Time to be a Programmer

Kid who codes

Indonesian tech startups are gaining momentum in recent years as more VCs are investing into local startups. Big names such as Sequoia Capital have entered the country by funding Tokopedia (together with SoftBank) and Gojek. Chinese VCs also getting more active too. Gobi partners latest investment on Oramy (former MoxyBilna) is a proof to the statement.

Now, it means they pursue growth more than ever. To sustain the required growth rate, they need to grow as well, in term of size and organization. Hence, they need a lot of people to fill bunch of positions and software developer/programmer are one of the most highlighted one. Based on the insider rumours, some startups even planning to double their engineering team in the near future to cope with their growth. Why? because they are tech companies that leverage technologies to solve costumers’ problems and most of the used technologies are computer-based software, which is relatively easier to scale.

Despite being in high demand, programmers are scarcely available. Currently we have under supply of programmers situation, at least based on my observation and experience on seeking and interviewing programmers for software developer role. So, it is a common sight when a startup hijacks other startups’ programmers to join the team, which also come with a significant amount of compensation and additional benefits.

A decade ago, a computer-science-related graduate in Indonesia would see telco, banking and oil & gas industries as the top career paths to pursue to make a good living. However, now there’s an alternative to those: startups. An experienced programmer in a startup could earn relatively same (or maybe even more) to those who work in those industries, especially big name startups with lot of investment funds.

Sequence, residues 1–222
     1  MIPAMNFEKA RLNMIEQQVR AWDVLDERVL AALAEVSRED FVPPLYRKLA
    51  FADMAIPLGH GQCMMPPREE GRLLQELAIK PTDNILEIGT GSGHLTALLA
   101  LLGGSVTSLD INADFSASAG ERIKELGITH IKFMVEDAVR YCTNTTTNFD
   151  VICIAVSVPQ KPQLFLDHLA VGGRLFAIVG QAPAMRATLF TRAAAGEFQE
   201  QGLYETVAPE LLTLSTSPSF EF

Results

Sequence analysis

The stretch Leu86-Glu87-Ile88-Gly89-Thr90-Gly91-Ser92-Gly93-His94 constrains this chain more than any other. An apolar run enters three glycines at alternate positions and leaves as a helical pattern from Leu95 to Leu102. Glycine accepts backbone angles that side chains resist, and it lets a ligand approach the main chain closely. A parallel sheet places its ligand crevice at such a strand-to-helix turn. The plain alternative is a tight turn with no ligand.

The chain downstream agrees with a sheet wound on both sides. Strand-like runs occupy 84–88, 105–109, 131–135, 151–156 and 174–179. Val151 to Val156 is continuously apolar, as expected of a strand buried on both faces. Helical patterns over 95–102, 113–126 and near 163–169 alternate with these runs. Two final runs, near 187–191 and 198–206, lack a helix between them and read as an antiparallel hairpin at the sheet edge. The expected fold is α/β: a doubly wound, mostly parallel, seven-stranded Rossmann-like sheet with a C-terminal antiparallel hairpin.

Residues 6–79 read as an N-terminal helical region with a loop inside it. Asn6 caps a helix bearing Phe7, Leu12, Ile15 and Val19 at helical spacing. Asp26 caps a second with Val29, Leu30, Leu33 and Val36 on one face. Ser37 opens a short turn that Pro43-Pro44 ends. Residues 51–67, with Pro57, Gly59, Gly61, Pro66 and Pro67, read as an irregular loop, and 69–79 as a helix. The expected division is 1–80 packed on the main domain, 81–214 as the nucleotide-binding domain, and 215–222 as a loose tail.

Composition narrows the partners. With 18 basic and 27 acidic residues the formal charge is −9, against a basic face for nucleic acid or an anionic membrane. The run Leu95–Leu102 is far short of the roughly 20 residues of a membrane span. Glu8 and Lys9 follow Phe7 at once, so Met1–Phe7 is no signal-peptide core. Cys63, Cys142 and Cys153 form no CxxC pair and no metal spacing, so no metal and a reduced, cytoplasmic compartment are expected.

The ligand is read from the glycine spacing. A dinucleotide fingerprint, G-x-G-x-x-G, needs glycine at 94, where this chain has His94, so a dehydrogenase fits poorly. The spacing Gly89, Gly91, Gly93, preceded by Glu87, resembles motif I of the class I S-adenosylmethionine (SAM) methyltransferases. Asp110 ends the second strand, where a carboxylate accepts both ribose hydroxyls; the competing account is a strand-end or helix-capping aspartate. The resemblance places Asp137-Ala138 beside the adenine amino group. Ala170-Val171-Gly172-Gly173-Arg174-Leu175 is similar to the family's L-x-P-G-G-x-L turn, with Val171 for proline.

Aside from the wages, there are a lot of perks when working in a startup. Dealing with new cool technologies is one of it. Personally this is the very reason I decided to work in a startup a year ago. Being a programmer in a corporate is very restraining, way too rigid. There are a lot of efforts to put when wanting to implement new technologies, even more, most of the efforts are wasted to non-technical issues, bureaucracy. In contrast, in startups programmers are always in search of new technologies available to solve problems.

Additionally, startups culture is almost the opposite of corporates’, more freedom and less bureaucracy. Usually startups have flatter organizational structure. Which means it is easier to communicate to everyone else including the CEO. This is particularly important during product development. We don’t need to set an official meeting just to ask view questions to let’s say sales or operation team about our product, efficiency. For the freedom part, at the very least employees are free to wear T-shirts to the office, some of them even work remotely.

Finally, most startups are merit base system, they see what we capable of instead of our formal education background or anything else. It means everyone can be a programmer if s/he wants to. Being in high demand, it is undeniably very good opportunities to anyone to enter the industry as a programmer, given the aforementioned benefits. However, if you don’t know computer programming right now but aspire to be a programmer in the future (or even just for fun), Codeacademy could be a good place to start, or if you want to be in an after work coding class, you might want to check GEPI Coding Class.

In conclusion, is this the right time to be a programmer in Indonesia? yes it is, and always is.

[photo credit]

A-2-year-old using a MacBook. Photo taken from, Photograph copyright Donnie Ray Jones, used under Creative Commons license.

Hello, my name is Nauval. I code for living. I blog in my spare time.

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